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Applied Luciferianism Project : Resistance/Rebellion

I should probably start off by pointing out that the words ‘rebellion’ and ‘resistance’ mean two different things to me, but can also be used in combination with one another. While ‘rebellion’ suggests going against an already established system, ‘resistance’ includes more preventative actions to avoid the formation of unequal systems of power, systems that directly affect myself and the communities I am a part of. It also seems to be more inclusive of non-violent strategies of opposition, something I’ve very much in favor of.

 Resistance is much closer to my heart.

It is present in the very blood that runs through my veins, the genetic continuance of a people who others sought to erase. The effort to keep our traditions and culture alive is a form of resistance, as is making the effort to learn my native tongue despite being displaced from my homeland. The small snippets of Nawat present in even the colonial language I grew up with are reminders of the legacy of resistance I’m upholding. My faith is a form of resistance in itself, in that it is composed of doubt and questioning a ‘truth’ I was brought up to follow blindly.

And yet, sometimes rebellion is necessary, as my past can attest to. When resistance goes unheard or ignored, rebellion becomes the only other option. Along with rebellion comes increased risks and sacrifices—loss of a job, alienation from one’s peers, etc. And with armed, combative rebellion comes death, including innocent lives. I think this is why I tend to prefer resistance over rebellion, because I’ve experienced what it’s like to have conflict due to rebellion cause tragedy and loss. I know what it’s like to have your family torn apart and scattered because of rebellion and war, to grow up in a place that isn’t ‘home’ and be constantly reminded that I don’t ‘belong’ here. Of course, there were other forces in play that led to my particular situation (like the US not being able to keep its nose out of other countries’ business), but the rebellion of my people was definitely a key factor. The need for change sometimes requires such sacrifices, which I’ll talk about in a later entry, and this is where rebellion builds its strength and becomes an agent of change.

This is also why I believe it is important that one ask themselves what exactly it is they’re rebelling against and why, and if the end justifies the means. Technically you could consider a 5-year-old’s temper tantrum to be a form of rebellion, or a moody teen throwing insults at their parents, but what do either of these things really accomplish? While Luciferianism can be considered a very selfish path, I would argue that it’s also in the nature of Luciferianism to strive for bigger and better things—why struggle for the little things that only affect yourself when you could initiate a bigger change that affects an entire group of people? Obviously this is also situational, and can differ according to whether we’re talking about resistance or rebellion.

In its most basic and general form, it means not conforming to what others say or do simply because they’re in a position of authority or power. It doesn’t have to be about waging wars or leading large-scale uprisings— resistance and rebellion takes various other forms, from vocally disagreeing with what one perceives to be an unjust statement, to taking a much more active role such as defending a victim of bullying. It can also take a much more political stance, through participation with a social justice movement. It’s about not allowing oneself to remain passive or simply accept things that go against one’s own moral code. Resistance and rebellion is the ability to recognize injustices and do something about it.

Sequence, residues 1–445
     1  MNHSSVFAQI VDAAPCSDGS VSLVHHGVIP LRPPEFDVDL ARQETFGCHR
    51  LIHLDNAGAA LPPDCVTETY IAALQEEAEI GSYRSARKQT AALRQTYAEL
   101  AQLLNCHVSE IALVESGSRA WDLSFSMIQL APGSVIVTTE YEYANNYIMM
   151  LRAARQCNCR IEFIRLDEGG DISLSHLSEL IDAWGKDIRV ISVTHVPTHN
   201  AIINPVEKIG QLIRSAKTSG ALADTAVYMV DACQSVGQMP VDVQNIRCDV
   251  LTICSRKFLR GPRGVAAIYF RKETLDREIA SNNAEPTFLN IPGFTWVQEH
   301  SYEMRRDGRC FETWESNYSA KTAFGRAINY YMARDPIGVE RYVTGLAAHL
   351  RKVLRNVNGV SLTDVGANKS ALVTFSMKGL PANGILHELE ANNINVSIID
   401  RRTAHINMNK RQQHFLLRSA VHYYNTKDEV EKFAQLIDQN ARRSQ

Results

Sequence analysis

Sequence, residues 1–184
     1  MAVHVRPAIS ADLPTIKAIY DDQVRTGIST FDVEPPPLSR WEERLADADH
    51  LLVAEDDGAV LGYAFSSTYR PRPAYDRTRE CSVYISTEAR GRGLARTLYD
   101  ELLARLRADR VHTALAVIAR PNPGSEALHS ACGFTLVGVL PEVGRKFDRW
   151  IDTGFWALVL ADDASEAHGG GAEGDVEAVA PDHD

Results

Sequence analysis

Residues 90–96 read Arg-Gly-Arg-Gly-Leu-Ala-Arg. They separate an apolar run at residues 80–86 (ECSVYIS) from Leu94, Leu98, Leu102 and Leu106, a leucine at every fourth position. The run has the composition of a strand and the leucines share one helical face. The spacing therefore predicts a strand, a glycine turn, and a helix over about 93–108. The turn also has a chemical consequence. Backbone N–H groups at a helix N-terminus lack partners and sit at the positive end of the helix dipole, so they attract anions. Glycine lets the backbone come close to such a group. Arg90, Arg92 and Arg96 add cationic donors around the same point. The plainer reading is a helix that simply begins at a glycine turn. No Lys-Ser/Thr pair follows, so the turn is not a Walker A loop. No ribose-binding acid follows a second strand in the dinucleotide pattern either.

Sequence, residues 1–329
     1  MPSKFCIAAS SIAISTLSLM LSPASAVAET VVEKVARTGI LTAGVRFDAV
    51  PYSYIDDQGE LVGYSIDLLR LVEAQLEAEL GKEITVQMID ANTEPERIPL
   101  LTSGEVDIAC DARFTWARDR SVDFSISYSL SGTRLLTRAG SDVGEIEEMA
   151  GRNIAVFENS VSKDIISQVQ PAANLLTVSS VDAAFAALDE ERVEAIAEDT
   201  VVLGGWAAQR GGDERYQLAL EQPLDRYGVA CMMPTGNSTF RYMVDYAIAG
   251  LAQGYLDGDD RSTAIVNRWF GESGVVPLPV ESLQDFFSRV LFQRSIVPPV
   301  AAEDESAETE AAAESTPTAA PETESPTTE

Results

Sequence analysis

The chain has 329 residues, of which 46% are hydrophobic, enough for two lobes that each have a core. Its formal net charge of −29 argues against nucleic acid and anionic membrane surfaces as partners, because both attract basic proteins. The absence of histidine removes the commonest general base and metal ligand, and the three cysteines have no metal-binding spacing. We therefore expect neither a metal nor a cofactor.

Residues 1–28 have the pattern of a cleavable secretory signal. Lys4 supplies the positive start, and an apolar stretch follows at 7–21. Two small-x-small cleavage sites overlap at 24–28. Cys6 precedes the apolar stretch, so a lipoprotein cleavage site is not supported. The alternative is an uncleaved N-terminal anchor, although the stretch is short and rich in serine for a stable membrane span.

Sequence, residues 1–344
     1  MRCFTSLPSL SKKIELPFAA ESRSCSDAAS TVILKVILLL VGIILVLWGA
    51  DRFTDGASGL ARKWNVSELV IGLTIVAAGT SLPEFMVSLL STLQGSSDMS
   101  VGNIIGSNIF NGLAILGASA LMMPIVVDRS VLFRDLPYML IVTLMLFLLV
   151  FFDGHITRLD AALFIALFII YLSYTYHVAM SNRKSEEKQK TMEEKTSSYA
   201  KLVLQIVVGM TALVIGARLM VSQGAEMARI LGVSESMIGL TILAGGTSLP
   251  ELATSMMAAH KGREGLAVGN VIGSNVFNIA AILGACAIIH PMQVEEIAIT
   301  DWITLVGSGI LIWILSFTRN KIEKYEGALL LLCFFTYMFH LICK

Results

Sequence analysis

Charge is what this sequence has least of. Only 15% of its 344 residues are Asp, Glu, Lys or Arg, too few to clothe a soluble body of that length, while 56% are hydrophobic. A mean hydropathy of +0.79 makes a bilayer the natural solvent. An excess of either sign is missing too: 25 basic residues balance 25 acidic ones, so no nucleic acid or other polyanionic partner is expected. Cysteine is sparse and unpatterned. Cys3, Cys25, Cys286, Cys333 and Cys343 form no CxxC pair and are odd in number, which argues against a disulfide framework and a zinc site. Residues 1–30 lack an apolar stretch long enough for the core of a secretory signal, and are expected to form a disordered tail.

Applied Luciferianism Project

Normally I wouldn’t start a new project until I was done with the ’30 Days of Devotion’ meme. However, one of the downsides to being claimed by Lu is that my Work takes priority to other stuff (including sleep, seeing as ze shoved this idea at me at like 2 am last night and had me spazzing for a good hour until I got up to jot down notes).

So I realized that while I talk a lot about Luciferianism being a very practical and action-motivated path, I rarely if ever develop that train of thought into how one goes about using Luciferian ideals in the day-to-day. I guess for me it’s almost intrinsic, because so much of how I view the world is from a Luciferian mindset, but obviously those just starting out or interested in learning more can’t read my mind and understand what I’m referring to.

The purpose then of this project is to take Luciferian ideals and expand upon how I personally have incorporated them into action, and offer suggestions to others who are interested in embodying those ideals in their own lives.

The ideals/qualities I have so far are:

  • Resistance/Rebellion
  • Change
  • Sacrifice
  • Challenge
  • Responsibility
  • Growth
  • Pride
  • Initiative
  • Faith
  • Honor
  • Identity
  • Loyalty
  • Choice

Some of the above are very much tied into other qualities, such as choice, honor, loyalty, and responsibility, so I’ll probably end up combining those in order to make the entries less disjointed.

I would love it if others (Luciferian or not!) would take this template and perhaps use it as a record of how they themselves are integrating these qualities into their own practice.If others from different paths want to do a similar project with ideals more suited to their own particular faith, that’s absolutely okay with me (an alternative title could be Applied Path Project?). Overall, I’m just interested in learning how people go about applying their faith and beliefs to their everyday lives, while using this particular project as a part of my Work.